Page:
Education Volunteers are a bit more difficult to convince of their role. They not so directly involved in malaria activities, making the link between their work and malaria a little more difficult to establish. But, the role of Education Volunteers in malaria control should not be overlooked.

First, malaria causes a significant education burden. Malaria in childhood can lead to impaired cognitive development and is the leading cause of school age absenteeism in Africa. As a result, malaria can greatly hinder a country’s efforts towards development and our ability to achieve the first goal of Peace Corps: to help the people of interested countries meet their need for trained men and women.

Education Volunteers fill a gap that is usually left in malaria prevention education. Health Volunteers and their Community Health Worker counterparts target families, mostly mothers, with key health messages and behaviors. But what messages and behaviors are being promoted to youth in the period before having families? The answer is, not many.

Peace Corps Volunteers manage health clubs

In Rwanda, most students attend boarding schools outside of their communities. As a result, they are away from the influence of their families and responsible for their own choices concerning health. Their schools become their new communities; their peers their sources of influence. What would happen if their environments were malaria-friendly, and their friends informed peer educators?

I would assume that malaria among students in secondary schools would reduce. I would even venture that attendance rates and test scores would increase. Further, empowered youth would return to communities and share their values with families during school breaks, encouraging them to adopt the similar behaviors. The impact would be substantial.

Who will be responsible for engendering change in schools? Education Volunteers work as teachers and are in an ideal position to implement the types of activities that would produce the desired results. What activities am I referring to? Classroom lessons, health clubs, and youth camps are a few examples. I’m sure you can use your imagination to brainstorm more.

Rwanda’s Malaria Volunteers attended a Pre-Service Training for the new group of Education trainees. Our goal was to reject this commonly-held view of the traditional role of Education Volunteers, and inspire a new understanding of the link between education and malaria. Through our presentation, we empowered them to take on a new role in the name of malaria prevention.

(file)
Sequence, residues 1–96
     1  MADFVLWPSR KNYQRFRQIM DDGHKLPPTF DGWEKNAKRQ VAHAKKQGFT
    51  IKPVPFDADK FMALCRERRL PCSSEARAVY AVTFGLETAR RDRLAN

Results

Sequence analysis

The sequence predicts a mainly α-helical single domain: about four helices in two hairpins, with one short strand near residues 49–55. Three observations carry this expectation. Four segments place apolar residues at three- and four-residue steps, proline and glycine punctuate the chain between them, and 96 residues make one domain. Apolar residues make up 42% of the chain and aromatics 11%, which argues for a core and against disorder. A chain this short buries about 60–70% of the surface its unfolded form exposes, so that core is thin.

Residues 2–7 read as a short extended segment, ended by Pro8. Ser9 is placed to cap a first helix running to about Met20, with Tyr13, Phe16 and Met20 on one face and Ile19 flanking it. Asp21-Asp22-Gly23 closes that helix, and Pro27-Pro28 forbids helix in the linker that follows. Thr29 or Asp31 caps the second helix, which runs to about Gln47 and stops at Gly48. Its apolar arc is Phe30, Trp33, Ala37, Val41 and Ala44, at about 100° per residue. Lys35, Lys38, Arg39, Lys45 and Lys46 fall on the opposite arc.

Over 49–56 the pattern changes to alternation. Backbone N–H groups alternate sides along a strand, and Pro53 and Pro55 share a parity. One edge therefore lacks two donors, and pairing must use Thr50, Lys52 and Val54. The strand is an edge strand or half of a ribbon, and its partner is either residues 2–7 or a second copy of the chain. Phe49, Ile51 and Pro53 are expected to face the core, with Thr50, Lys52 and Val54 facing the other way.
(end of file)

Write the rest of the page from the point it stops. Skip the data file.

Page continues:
Weekly Awesome Senegal: An Extensive Malaria Radio Program

By: Team TEWDU FM (94.0 rajo men oo Diaobe), PC/ Senegal

The TEWDU FM (94.0 Diaobe) Peace Corps radio program has completed the early stages of an audacious, eight show series about malaria. The series has at least three broad goals: to produce high quality mass media communications to disseminate educational messages about malaria; to  involve local health workers, theater groups, musicians, and the everyday listener in show production to increase villager interest and investment in the program; and to increase exposure to Peace Corps and foster a positive representation of Peace Corps activities across the entire catchment area of TEWDU FM.

The series plans to cover a comprehensive malaria curriculum with the following proposed topics:
1) a review of the Senegalese government’s National Malaria Control Program
2) the malaria parasite and malaria transmission
3) prevention strategies (other than an LLIN)
4) mosquito nets
5) symptoms and warning signs of dangerous cases
6) disease and treatment (general)
7) treatment of malaria
8) review

The Show

Each show is paired with a “focus village” within the catchment area of TEWDU FM, and that village receives two visits from volunteers around the time of the show. During the first visit, usually a week or so before the show airs, the team seeks to meet with the village’s health workers to review the curriculum for that specific show, to pretest individuals on specific curriculum points, to take fun audio clips from villagers, and to convene a focus group to listen to the previous show. The day after the show airs, the team returns to that same village to elicit informal feedback, to formally post-test the villagers pretested during the first visit, and to hold a formal training to review and emphasize the curriculum points presented in the previous night’s show.